8 June 2018
Today’s agreement by the nation’s top lawmakers to identify options to standardise Power of Attorney orders across the country is a significant step in tackling the issue of elder financial abuse however there remains more work to be done.
In March the banking industry renewed calls for action on the issue by the end of the year, with key changes needed to standardise Power of Attorney orders, create a national online register of the orders and a designated body which bank staff can report suspected abuse.
Australian Banking Association CEO Anna Bligh said the decision was a welcome step forward however there was still much work to be done to better equip local bank branch staff to detect and report elder financial abuse.
“Local bank branch staff are on the frontline when it comes to detecting and reporting elder financial abuse but currently their hands can be tied,” Ms Bligh said.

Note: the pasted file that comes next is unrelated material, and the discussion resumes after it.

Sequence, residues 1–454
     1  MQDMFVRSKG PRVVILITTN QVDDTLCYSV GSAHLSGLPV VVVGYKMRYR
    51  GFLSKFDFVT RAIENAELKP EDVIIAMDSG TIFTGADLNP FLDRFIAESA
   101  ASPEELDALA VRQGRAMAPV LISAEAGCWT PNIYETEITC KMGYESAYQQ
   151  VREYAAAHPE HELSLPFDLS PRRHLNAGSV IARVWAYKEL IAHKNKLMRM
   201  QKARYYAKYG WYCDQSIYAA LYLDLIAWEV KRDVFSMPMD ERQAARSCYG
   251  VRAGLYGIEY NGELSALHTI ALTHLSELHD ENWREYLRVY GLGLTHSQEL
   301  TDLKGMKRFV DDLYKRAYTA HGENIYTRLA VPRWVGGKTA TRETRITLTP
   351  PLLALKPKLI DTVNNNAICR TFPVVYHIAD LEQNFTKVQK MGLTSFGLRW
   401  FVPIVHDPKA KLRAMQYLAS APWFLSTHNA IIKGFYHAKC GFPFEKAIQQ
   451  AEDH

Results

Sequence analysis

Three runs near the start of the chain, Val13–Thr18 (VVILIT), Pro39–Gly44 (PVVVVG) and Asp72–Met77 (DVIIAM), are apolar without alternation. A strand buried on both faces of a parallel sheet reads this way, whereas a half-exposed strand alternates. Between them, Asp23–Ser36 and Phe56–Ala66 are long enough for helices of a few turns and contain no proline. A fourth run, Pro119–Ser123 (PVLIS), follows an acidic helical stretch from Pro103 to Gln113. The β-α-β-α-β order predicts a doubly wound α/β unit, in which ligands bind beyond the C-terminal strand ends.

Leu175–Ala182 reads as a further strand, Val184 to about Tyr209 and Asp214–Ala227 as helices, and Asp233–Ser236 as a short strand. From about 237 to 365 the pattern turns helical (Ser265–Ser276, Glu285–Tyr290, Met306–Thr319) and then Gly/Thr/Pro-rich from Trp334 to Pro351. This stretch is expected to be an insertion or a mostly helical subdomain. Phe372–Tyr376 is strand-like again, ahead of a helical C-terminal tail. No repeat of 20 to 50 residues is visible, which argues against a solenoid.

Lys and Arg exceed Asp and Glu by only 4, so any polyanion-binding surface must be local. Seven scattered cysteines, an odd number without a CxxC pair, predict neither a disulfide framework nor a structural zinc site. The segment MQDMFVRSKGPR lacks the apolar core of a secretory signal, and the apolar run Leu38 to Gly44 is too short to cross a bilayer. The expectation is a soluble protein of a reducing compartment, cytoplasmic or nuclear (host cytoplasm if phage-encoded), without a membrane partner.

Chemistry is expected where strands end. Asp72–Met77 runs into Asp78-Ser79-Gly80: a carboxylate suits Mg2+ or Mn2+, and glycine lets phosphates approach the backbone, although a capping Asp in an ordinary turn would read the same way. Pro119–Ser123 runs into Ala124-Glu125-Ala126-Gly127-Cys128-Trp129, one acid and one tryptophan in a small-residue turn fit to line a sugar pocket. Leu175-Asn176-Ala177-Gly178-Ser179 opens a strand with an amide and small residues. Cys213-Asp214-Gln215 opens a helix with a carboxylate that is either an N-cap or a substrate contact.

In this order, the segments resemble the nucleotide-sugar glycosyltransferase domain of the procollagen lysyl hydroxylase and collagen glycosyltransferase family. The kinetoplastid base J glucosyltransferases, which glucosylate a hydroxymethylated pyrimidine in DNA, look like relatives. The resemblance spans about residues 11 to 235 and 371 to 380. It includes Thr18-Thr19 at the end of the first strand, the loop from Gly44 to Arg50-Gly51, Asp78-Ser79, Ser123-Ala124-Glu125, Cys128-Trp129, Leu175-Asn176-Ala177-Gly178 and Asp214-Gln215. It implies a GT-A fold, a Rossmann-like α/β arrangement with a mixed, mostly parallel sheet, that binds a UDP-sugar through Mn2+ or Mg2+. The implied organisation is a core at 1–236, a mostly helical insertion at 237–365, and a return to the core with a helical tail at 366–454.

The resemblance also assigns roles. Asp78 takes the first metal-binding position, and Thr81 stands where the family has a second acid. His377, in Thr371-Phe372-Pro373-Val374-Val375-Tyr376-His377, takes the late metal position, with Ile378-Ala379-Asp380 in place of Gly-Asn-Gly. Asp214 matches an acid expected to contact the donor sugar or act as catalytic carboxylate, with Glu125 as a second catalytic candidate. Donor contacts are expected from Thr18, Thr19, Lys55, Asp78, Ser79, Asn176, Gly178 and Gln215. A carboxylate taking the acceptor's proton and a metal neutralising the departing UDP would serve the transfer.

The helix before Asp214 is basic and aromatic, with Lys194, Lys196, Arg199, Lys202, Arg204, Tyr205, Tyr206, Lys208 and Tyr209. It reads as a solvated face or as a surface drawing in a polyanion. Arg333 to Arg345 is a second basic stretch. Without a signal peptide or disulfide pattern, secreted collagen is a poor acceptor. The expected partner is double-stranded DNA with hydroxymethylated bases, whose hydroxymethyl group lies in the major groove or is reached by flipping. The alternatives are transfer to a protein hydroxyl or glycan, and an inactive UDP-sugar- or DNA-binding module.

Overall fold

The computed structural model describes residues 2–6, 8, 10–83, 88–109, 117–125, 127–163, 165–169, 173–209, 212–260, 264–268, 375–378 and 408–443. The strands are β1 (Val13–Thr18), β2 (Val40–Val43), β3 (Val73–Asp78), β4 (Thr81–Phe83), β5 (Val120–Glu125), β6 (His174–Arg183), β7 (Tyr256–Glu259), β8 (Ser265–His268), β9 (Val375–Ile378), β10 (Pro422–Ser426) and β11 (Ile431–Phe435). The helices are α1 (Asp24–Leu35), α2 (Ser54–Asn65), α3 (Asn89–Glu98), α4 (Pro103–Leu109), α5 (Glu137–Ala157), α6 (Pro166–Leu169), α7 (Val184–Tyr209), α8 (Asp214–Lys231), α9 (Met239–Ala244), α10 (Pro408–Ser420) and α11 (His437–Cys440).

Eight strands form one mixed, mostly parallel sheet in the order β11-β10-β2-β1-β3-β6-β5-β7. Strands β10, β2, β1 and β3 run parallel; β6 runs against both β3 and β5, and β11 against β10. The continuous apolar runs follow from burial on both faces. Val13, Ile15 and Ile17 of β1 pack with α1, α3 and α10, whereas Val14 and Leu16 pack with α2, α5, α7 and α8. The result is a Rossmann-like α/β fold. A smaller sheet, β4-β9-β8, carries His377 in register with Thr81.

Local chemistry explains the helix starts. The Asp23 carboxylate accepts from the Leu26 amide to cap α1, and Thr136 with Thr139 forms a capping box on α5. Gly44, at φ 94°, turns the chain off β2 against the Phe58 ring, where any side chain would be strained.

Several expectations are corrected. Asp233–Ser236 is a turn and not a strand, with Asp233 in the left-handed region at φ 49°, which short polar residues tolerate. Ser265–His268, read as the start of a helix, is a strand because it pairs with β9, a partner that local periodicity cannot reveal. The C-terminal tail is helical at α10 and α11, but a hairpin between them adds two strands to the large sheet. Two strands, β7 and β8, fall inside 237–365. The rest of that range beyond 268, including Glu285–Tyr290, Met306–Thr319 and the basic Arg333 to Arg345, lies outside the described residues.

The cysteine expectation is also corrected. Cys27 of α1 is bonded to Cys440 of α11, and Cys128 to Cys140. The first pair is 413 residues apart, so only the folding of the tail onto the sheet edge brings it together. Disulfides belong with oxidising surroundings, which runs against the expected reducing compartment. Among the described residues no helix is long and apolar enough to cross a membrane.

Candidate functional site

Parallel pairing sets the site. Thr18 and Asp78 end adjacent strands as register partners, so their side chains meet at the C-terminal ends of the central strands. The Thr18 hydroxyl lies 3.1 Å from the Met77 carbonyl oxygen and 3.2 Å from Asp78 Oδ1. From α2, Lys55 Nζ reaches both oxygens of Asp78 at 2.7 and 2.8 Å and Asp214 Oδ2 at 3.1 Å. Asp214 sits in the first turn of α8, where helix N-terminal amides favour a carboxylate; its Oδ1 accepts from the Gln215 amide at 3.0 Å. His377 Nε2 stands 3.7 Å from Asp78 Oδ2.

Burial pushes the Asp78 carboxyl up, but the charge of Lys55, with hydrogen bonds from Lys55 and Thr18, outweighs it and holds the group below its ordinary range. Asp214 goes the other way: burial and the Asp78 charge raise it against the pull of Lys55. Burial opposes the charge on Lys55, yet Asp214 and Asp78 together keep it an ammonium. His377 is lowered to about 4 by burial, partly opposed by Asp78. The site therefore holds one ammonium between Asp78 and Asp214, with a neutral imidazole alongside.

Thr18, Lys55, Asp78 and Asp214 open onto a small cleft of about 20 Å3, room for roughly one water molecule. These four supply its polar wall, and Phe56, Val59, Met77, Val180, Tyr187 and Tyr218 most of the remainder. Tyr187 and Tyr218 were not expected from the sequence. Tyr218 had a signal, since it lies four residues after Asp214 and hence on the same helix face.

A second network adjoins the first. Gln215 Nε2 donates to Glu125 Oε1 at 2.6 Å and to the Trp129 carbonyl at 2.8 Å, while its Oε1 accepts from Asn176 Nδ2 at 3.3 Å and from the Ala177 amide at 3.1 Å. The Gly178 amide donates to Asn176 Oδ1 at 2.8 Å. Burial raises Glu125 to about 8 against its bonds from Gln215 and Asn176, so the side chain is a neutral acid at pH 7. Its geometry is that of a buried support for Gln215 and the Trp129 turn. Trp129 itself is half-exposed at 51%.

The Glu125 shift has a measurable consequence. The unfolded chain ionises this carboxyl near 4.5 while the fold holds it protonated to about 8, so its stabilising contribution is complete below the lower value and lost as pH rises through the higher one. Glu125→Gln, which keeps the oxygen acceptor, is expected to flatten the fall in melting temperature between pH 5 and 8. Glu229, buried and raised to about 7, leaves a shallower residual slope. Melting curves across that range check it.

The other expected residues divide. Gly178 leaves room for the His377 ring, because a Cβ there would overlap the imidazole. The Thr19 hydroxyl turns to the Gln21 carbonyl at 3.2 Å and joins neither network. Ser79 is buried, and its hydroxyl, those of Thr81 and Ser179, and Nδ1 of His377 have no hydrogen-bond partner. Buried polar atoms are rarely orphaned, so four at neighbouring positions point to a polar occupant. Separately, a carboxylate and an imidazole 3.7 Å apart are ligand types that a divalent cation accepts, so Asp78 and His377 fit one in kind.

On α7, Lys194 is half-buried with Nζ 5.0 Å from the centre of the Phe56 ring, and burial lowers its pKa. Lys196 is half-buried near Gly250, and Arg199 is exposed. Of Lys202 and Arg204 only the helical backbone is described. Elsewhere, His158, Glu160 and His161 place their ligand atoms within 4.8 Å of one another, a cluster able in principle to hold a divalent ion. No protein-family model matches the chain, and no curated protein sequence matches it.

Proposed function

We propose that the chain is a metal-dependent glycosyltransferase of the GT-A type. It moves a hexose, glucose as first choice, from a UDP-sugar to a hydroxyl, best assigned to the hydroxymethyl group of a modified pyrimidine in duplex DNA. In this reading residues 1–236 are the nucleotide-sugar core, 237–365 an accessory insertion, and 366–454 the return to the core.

“Important policy changes can take time and today’s decision by the nation’s Attorneys General to identify the best options for standardising Power of Attorney orders is a significant step forward.
“A national online register of Power of Attorney orders must be established as soon as possible following a standardising of orders.
“The industry will continue to push for these changes to be finalised, particularly a designated body in each state to report elder financial abuse.”
“The industry will keep pressing the case to governments across the country to resolve these key issues by the end of the year,” she said.
Contact: Rory Grant 0475 741 007
“…banks can go back to their normal processes and that is working out what’s right for every single customer, on an individual tailored basis with a proper assessment. That is the best thing for the customer.”
Access to credit opens up opportunities and fulfills aspirations. Getting it right requires the right balance between consumer protections and the flow of credit.
Interviewed by AM’s Peter Ryan, ABA CEO Anna Bligh talked about the substantial drop in loan deferrals since their peak during the pandemic, falling from 900,000 to 300,000.